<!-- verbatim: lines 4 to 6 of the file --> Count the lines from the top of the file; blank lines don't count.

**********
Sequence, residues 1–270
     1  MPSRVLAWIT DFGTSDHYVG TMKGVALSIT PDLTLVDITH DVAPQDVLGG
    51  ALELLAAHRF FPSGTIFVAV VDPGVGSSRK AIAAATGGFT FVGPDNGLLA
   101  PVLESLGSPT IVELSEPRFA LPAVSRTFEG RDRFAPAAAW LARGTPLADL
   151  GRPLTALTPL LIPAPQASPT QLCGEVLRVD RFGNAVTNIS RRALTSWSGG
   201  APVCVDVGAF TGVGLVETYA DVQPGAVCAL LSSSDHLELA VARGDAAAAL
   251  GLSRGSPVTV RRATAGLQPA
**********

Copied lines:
   101  PVLESLGSPT IVELSEPRFA LPAVSRTFEG RDRFAPAAAW LARGTPLADL
   151  GRPLTALTPL LIPAPQASPT QLCGEVLRVD RFGNAVTNIS RRALTSWSGG
   201  APVCVDVGAF TGVGLVETYA DVQPGAVCAL LSSSDHLELA VARGDAAAAL